Grocery Stocker Found Guilty in Oklahoma Cannibalistic Plot Case

A jury found a man guilty of first-degree murder Friday in the killing of a 10-year-old girl, reaching its decision within minutes the day after hearing his macabre videotaped confession.

Kevin Underwood, a former grocery stocker who claimed Internet pornography stoked his cannibalistic fantasies, showed no emotion as the verdict was announced. Family members of the victim, Jamie Rose Bolin, patted each other and shook hands.

The girl's body was found in a plastic tub in Underwood's apartment in April 2006. Jurors had heard his detailed videotaped confession in court Thursday.

Judge Candace Blalock told jurors to return to court Monday morning for the penalty phase. Prosecutors have said they intend to seek the death penalty, while the defense has said it will seek to spare his life.

Deputies led Underwood, 28, away in handcuffs once jurors had left the courtroom.

Rose Fox, Jamie's grandmother, said after the verdict that she was originally against the death penalty in the case, but has now changed her mind.

"He made his choice," Fox said. "He's a monster in human form."

"I was for mercy. And then when I found out what he really did to her ... . He showed her no mercy."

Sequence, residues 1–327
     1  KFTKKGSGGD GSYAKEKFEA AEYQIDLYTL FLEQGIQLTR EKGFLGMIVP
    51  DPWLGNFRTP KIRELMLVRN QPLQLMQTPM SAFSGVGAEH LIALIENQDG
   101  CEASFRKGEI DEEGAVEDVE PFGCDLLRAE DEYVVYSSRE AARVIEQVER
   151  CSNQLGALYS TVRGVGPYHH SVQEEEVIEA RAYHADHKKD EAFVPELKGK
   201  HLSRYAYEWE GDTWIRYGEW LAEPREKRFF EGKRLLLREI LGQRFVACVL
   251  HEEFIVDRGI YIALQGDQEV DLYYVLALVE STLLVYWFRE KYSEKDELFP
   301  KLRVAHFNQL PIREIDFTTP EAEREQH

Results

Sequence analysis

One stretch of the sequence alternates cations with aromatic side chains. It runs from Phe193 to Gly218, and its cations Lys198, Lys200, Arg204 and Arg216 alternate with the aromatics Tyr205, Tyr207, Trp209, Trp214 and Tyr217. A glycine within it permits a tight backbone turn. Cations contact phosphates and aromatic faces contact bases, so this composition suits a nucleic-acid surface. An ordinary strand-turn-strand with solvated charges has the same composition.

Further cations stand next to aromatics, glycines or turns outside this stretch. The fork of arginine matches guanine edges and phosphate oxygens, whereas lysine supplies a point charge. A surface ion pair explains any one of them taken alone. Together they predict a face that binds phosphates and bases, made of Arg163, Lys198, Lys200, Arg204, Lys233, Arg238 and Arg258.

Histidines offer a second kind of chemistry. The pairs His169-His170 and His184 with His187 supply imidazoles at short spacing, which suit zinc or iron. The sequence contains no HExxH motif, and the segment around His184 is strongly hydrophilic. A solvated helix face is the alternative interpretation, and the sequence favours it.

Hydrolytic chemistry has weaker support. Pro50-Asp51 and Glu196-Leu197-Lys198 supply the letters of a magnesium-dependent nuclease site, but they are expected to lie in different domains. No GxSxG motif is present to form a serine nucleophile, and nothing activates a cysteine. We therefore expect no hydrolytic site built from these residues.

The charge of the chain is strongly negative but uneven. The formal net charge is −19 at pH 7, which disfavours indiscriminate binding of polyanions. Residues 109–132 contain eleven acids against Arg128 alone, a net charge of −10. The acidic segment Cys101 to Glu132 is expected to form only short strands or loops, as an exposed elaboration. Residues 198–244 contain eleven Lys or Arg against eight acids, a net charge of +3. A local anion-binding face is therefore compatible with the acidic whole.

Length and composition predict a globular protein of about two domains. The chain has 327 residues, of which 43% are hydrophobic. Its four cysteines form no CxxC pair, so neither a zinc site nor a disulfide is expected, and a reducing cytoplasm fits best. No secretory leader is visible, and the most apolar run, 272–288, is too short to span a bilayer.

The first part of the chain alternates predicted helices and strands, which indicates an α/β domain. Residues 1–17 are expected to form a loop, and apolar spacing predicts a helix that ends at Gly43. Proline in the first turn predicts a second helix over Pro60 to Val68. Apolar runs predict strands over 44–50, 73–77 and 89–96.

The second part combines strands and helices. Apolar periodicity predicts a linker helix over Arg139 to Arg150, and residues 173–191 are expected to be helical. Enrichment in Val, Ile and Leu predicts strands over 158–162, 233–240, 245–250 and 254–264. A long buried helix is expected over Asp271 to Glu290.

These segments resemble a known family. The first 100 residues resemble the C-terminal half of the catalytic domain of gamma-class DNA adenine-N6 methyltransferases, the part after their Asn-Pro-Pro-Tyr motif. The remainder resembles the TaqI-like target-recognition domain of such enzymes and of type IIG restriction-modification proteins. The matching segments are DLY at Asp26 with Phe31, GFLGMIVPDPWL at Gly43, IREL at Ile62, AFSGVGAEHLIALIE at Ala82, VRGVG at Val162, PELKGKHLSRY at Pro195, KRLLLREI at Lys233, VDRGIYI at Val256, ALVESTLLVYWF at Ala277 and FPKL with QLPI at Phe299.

Jurors began deliberating following closing arguments in which Cleveland County District Attorney Greg Mashburn predicted it would take jurors longer to pick a foreman than to determine guilt.

"It's the worst of the worst," Mashburn said. "His plan is to butcher someone like an animal."

In his closing argument, Defense attorney Matthew Haire did not dispute Underwood's guilt. But he called him "a lonely, very troubled, reclusive young man" and accused prosecutors of overwhelming jurors with gruesome evidence.

In the confession, Underwood said he lured the girl, his upstairs neighbor, into his apartment in Purcell, hit her with a cutting board, smothered her with his hands, sexually assaulted the body and nearly cut her head off as part of a fantasy involving cannibalism.

"I wanted to know what it tasted like, and just the thought of eating someone was appealing to me," Underwood said in the confession.

Underwood also said such fantasies began about the time he started taking the antidepressant Lexapro. Defense attorneys plan to call witnesses during the penalty phase on his use of the drug.